Forgiveness seems counter-intuitive to me.
All of my life, I was taught to try hard to do the right thing. Be kind. Be loving. Be good. And then my faith became alive and that seemed even more true. Jesus wants me to love like He does. What a high standard! I am not supposed to be angry or self-centered or greedy or unkind or… And I am supposed to be other-centered, gentle, kindhearted, loving and more.
So I go on a mission to be more loving. I try harder. I pray specifically. I think ahead. I try to go above and beyond. And it turns out that I am “more” of the same. I am trying to love more, but not becoming a more loving man. I am doing the best I possibly can, but my change seems to be from the outside in, rather than from my heart – from the inside out.
And then a little verse appears inside a story told by Jesus in the middle of a larger encounter (Luke 7) with a man like me. His name is Simon. He is trying harder. He is a “good” man. And he isn’t getting any better either. In fact, he is acutely aware of those around him who aren’t trying as hard or as well as he is. And towards those who are blowing it big time, Simon’s attitude is – “pity them and keep them away from me!”
In responding to Simon’s harshness toward this nameless woman, probably a prostitute, who certainly hasn’t tried as hard as Simon, Jesus tells a story about two indebted people. One owed a month and a half’s salary; the other owed a year and half’s salary. Neither, however, could pay it back. But the debt carrier decided to forgive both debts. Which of the two, Jesus asked, would “love him more”?
Not which would be more thankful, appreciative, indebted… Which would love him more?
I got the story. You probably do too. Simon owed the smaller amount. The prostitute owed the larger. Which of the two would “love more” as a result of having their debt forgiven? Obviously the prostitute. Simon got the point. I got it too. Simon didn’t like it and neither did I.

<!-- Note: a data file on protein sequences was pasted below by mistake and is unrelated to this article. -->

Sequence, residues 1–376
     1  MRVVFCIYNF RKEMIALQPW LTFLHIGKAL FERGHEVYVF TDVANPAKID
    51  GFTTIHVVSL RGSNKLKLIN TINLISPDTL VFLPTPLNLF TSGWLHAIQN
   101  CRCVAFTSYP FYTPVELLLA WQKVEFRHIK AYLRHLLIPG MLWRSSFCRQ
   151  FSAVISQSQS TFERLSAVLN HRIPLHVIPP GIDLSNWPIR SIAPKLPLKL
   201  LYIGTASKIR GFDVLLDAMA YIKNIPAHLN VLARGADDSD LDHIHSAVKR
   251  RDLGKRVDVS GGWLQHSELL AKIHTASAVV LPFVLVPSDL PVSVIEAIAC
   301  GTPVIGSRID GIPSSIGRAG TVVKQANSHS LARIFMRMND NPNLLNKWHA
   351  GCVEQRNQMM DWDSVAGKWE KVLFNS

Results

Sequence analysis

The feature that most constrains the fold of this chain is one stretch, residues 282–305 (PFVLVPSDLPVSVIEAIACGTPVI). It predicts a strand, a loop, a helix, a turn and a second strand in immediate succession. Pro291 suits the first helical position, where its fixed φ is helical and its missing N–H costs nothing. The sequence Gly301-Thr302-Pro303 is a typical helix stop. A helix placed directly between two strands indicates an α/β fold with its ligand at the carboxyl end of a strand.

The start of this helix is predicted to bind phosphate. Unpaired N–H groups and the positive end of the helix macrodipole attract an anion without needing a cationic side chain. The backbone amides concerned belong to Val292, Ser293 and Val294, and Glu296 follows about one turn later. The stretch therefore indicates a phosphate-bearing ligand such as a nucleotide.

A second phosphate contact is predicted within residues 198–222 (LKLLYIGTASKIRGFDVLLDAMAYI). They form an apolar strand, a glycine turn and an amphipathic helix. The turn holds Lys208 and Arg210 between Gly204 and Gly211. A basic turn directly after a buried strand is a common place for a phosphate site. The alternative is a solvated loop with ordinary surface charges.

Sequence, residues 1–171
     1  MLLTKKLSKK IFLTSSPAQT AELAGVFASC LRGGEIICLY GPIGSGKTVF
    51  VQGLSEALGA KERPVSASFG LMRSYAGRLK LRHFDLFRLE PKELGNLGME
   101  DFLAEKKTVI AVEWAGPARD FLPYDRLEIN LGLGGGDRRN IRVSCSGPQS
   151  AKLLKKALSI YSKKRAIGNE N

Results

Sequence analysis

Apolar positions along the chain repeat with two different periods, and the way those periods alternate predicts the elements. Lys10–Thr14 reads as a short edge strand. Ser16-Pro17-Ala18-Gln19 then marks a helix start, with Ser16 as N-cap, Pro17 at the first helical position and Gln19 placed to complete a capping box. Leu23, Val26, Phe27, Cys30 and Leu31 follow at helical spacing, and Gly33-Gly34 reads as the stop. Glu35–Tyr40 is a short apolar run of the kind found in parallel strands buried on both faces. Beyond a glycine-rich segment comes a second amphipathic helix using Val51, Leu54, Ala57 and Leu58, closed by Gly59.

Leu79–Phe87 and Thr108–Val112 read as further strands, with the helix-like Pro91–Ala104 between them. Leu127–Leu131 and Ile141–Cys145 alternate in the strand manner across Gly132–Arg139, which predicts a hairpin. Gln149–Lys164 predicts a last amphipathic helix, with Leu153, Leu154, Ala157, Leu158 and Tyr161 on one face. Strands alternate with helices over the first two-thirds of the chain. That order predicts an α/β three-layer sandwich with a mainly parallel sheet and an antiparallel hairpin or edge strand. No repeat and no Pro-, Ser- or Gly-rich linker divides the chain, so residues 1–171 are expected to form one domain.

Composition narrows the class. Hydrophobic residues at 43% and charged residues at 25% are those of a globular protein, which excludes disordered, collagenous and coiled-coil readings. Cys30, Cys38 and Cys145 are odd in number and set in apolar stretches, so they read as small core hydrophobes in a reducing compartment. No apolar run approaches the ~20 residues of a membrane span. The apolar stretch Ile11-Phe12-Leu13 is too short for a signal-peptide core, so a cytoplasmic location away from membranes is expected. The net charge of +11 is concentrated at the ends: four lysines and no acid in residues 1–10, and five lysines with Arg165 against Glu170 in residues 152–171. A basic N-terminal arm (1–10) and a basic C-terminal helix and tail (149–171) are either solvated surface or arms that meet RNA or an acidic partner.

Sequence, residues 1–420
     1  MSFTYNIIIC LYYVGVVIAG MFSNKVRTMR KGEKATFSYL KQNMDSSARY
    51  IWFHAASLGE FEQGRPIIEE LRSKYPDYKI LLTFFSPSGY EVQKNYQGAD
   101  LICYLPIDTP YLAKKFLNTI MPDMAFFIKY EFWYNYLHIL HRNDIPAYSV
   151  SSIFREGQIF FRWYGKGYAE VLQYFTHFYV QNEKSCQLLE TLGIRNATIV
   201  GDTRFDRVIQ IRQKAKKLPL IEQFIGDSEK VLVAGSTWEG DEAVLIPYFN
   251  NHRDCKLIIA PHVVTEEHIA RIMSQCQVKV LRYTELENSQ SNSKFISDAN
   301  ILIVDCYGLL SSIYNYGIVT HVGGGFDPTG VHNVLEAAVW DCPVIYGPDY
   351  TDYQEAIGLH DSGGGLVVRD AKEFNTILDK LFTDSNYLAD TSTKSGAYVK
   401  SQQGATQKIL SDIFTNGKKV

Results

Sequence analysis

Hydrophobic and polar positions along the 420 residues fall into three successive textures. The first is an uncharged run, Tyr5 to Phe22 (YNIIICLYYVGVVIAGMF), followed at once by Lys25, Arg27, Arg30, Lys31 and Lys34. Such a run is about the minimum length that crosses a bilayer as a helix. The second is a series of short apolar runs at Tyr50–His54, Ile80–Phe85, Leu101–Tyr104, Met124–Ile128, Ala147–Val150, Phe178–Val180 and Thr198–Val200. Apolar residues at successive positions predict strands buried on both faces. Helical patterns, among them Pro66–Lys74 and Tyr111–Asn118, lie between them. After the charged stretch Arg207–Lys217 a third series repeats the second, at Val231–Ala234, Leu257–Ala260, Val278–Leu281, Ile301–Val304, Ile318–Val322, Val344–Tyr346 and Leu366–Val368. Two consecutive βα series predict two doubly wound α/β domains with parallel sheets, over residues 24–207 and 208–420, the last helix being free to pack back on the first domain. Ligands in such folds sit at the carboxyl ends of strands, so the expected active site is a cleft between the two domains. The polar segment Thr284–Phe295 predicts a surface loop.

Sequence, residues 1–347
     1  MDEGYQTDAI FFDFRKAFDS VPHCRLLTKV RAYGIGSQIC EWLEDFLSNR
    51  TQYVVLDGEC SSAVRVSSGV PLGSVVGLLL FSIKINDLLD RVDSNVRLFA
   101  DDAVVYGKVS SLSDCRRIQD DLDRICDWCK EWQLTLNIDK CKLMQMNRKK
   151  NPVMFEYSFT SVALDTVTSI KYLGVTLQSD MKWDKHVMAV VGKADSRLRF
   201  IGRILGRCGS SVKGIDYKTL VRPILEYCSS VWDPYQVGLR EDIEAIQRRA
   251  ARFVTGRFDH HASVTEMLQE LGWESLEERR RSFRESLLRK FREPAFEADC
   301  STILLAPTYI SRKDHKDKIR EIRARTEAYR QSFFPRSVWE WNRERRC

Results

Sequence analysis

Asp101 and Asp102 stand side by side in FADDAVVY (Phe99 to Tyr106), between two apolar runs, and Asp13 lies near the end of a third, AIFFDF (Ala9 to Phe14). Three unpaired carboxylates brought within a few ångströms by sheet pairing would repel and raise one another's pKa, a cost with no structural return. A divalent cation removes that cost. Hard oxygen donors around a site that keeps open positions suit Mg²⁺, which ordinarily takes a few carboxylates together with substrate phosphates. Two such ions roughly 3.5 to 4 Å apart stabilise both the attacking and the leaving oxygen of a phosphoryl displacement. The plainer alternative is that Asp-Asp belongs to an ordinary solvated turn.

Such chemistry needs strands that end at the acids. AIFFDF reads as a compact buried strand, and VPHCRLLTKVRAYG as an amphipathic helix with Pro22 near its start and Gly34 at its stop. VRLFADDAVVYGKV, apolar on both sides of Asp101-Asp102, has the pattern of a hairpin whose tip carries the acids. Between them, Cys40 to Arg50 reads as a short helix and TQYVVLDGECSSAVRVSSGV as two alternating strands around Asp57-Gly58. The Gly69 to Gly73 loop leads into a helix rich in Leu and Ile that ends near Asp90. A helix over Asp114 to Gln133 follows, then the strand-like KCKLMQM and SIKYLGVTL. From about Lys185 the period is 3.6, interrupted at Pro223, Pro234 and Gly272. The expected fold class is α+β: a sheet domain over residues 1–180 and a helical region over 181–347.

Some of us know we are sinners. We know our mess and can’t get away from it. Forgiveness, if we can get our hands around it and really believe it, is like water on a parched soul. Our response to grace, if we are willing to simply accept it, is dramatic. And then we love more.
But some of us are like Simon (and me). We have tried hard and we want to believe that trying harder makes us better. We want to believe that somehow we can overcome the sin inside us with effort. We can’t.
And Jesus tells us that effort won’t make us more loving. Experiencing God’s mercy and forgiveness is what changes us. Moving into the sinful parts of my life, facing the times I am critical, judgmental, sharp, and arrogant – and being sorrowful for my debt is what takes me to the place when I need the love of God in Christ. The Cross becomes more real and the love of my Savior means something to me when I know that I need it. Knowing deep in my heart I need forgiveness and knowing that I now have it is how I become more loving. Trying harder, setting goals, working to be a good soldier – these don’t change me. I am changed as I experience being forgiven a debt I could not pay.
It is counter-intuitive. I become more loving by owning how unloving I am. I become more loving when I see that the real issue is with God and that I am powerless I am to change it. It is when I accept how unloving I am before God how and ask for His forgiveness that I actually become more loving.
Humility and dependence give me a new, softer, more genuinely loving heart. And I love more.
So if you want to become more loving, let God show you how unloving you really are (in real specific places in your marriage, friendships, etc.) and how desperately dependent you are upon His forgiveness. Somehow, that move, which seems like it is away from trying to be good, actually takes me to Jesus in a way that changes me. Now that is counter-intuitive.
Palmer Trice is an ordained Presbyterian minister. He is married to Lynne, has three children and has been in Charlotte since 1979. In his spare time, Palmer enjoys golf, tennis, walking and reading.